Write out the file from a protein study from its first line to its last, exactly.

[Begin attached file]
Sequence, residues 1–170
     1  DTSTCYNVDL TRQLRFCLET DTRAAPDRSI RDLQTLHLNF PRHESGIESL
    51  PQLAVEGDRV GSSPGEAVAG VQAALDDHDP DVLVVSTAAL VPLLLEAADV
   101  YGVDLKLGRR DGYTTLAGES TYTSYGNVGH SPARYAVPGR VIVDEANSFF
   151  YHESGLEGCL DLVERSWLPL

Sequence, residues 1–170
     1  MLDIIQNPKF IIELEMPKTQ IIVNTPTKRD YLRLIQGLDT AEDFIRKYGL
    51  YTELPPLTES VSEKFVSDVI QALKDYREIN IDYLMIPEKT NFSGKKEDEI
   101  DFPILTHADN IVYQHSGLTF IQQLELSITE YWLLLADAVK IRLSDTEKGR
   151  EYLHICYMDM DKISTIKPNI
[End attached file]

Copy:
Sequence, residues 1–170
     1  DTSTCYNVDL TRQLRFCLET DTRAAPDRSI RDLQTLHLNF PRHESGIESL
    51  PQLAVEGDRV GSSPGEAVAG VQAALDDHDP DVLVVSTAAL VPLLLEAADV
   101  YGVDLKLGRR DGYTTLAGES TYTSYGNVGH SPARYAVPGR VIVDEANSFF
   151  YHESGLEGCL DLVERSWLPL

Sequence, residues 1–170
     1  MLDIIQNPKF IIELEMPKTQ IIVNTPTKRD YLRLIQGLDT AEDFIRKYGL
    51  YTELPPLTES VSEKFVSDVI QALKDYREIN IDYLMIPEKT NFSGKKEDEI
   101  DFPILTHADN IVYQHSGLTF IQQLELSITE YWLLLADAVK IRLSDTEKGR
   151  EYLHICYMDM DKISTIKPNI